#1 Explore the public library. As may have been evident from my post 10 Ways to Save Money on the Road, I’m a big fan of public libraries. Even if you don’t have a library card, you can probably hang out away from inclement weather; use a computer to surf the web; read books and magazines; view art; and attend free movies, concerts, lectures, and classes.

Some public libraries will issue library cards to nonresidents. If you can score a library card, you may be able to enjoy books, music, and movies in the privacy of your own rig.

I encountered this Little Free Library in my travels.

#2 Read! I’m also a big fan of reading. If you can’t borrow books from a public library, get books from Little Free Libraries. Find inexpensive books at thrift stores and library book sales. If you’re staying in a campground, check for a library in the clubhouse or office.

If you rather look at photos and read short articles, acquire magazines instead of books. Magazines can often be had at thrift stores and library book sales for 10 cents or a quarter each–if they’re not outright free. Maybe you have a friend in another town with a magazine subscription who will put together a care package of back issues and send them to you via general delivery.

If you don’t like to read, but you do like to listen to stories, consider audiobooks. How cozy would it be to lie in your bed and have a talented voice actor read you a bedtime (or nap time) story? If you like the classics, Open Culture offers links to over 900 free audiobooks. For more options, Book Riot offers a list of “11 Websites to Find Free Audiobooks Online.” These are all legal audio book options.

#3 Listen to podcasts. Similar to audiobooks, you can listen to podcasts while driving, cooking, folding laundry, or cleaning the rig. Some podcasts are educational; some are entertaining. You can learn all about finding free podcasts in a 2017 Wired article called “The Beginner’s Guide to Podcasts.”

If you’re wondering what podcasts I like, read my post about my favorites.

(Note: When listening to podcasts or audiobooks, use headphones or make sure your volume is low enough not to bother others. Folks who go into the wilderness to hear birdsong don’t necessarily want to hear what you consider entertainment.)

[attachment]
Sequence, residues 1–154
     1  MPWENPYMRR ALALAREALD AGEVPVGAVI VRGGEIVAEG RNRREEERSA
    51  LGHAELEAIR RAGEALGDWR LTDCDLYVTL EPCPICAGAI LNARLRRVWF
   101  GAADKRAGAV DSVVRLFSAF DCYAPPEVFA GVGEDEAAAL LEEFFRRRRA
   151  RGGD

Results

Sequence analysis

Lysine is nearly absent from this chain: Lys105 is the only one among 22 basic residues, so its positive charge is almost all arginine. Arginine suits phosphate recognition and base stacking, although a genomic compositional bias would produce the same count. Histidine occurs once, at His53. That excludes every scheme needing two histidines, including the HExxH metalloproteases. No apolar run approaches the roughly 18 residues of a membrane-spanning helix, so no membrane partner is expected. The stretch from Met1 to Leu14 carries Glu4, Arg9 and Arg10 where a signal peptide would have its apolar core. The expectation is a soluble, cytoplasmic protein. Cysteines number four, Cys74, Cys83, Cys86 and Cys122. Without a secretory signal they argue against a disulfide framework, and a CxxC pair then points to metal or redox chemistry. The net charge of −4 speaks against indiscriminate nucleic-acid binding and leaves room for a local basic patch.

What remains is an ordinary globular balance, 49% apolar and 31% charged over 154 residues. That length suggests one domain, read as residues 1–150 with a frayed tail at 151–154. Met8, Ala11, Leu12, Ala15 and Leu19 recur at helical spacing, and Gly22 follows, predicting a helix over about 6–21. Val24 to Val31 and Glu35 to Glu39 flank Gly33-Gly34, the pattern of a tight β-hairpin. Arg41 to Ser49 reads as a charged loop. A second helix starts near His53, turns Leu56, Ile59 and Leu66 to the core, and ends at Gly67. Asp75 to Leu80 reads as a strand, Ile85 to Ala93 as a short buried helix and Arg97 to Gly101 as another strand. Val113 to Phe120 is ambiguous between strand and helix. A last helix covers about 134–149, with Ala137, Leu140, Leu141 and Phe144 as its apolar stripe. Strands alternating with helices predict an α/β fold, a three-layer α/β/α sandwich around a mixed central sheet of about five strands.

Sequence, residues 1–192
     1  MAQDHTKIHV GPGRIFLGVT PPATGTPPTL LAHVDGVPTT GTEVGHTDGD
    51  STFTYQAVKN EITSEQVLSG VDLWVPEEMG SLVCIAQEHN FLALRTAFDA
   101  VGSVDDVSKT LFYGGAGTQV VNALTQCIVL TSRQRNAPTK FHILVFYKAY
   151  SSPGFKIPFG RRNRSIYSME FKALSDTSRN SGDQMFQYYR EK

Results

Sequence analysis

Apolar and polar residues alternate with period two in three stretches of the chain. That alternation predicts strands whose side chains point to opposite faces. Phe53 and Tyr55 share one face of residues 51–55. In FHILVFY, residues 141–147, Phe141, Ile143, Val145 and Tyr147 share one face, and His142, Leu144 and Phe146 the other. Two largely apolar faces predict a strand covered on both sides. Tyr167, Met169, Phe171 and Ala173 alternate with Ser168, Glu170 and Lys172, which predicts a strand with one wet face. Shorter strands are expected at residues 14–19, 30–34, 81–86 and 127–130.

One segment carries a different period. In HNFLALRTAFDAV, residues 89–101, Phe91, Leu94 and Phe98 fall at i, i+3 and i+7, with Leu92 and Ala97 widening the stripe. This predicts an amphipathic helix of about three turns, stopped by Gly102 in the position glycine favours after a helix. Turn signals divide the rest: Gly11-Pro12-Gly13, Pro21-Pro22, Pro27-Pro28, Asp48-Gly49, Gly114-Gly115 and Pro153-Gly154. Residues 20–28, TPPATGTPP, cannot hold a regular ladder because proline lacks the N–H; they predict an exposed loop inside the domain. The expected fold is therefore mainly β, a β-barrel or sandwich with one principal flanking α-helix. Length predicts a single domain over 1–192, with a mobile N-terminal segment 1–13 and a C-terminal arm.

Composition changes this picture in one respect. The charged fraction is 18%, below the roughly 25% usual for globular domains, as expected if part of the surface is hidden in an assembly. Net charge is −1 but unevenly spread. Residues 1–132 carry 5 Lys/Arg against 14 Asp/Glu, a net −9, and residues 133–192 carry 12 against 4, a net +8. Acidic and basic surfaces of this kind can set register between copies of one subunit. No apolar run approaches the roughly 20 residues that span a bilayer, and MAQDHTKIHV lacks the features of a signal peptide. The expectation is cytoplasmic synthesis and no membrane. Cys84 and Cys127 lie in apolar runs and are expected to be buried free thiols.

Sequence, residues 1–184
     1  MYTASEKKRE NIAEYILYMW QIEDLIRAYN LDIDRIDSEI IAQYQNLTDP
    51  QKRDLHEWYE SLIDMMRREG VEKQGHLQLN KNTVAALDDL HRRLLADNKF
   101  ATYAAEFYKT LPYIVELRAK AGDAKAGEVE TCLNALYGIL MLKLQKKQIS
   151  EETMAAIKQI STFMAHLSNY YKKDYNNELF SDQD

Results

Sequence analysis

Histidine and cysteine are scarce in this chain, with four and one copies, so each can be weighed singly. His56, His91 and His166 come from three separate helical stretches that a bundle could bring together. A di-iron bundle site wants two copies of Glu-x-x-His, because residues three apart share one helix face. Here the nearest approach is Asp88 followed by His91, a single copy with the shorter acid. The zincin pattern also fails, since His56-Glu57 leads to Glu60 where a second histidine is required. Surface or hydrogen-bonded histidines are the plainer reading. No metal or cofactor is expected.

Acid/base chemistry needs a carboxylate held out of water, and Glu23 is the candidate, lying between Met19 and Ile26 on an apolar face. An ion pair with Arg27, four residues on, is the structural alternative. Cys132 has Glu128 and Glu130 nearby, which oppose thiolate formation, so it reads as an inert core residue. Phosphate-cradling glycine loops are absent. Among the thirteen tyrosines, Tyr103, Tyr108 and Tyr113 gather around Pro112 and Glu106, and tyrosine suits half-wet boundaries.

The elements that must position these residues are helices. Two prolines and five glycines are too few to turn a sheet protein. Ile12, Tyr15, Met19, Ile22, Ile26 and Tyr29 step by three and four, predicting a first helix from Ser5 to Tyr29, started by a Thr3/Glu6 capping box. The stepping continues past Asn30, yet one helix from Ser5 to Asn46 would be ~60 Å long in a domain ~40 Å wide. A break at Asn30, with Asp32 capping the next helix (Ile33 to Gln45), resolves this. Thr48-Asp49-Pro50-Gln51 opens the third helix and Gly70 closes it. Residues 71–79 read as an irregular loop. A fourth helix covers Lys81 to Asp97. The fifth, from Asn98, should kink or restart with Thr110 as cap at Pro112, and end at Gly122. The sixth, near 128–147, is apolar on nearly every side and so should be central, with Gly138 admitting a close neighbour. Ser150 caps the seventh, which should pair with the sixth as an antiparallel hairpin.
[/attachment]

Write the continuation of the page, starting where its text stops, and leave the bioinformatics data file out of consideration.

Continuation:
#4 Learn to do something new. If you’ve always wanted to (fill in the blank with an activity of your choice), but never had the time, your time has come. The Instructables website shares directions for almost any DIY project, craft, or van-home improvement project you can think of. You can learn a lot on YouTube too. I taught myself to macramé hemp jewelry, and The Man learned how to replace drum brakes by watching YouTube videos, so I suspect most folks could use YouTube to learn a new skill.

#5 Play a musical instrument. Whether you’re an absolute beginner or a lapsed musician, use your spare time to play an instrument. The Man carries an acoustic guitar in his mini van so he can play whenever he gets the urge. Coyote Sue often practices her flute while boondocking on public land. If space is at a premium, go for something small like a ukulele, a piccolo, a kazoo, or a harmonica. If you’re lacking space and/or money to buy something, remember, your voice makes music too.

(Note: As with podcasts and audiobooks, please make sure your musical endeavors don’t disturb others. When camping or boondocking on public land, let the sounds of nature prevail.)

I whipped up these postcards from collage fodder Coyote Sue sent me.

#6 Write Letters. Don’t think you have to be a great writer to wrtite letters to your friends and family. Trust me, your people will be so excited to get what I call “real mail,” they’ll barely care about what you write. If you’re too shy to write to the adults, write to the children. Kids always seem super excited to get mail.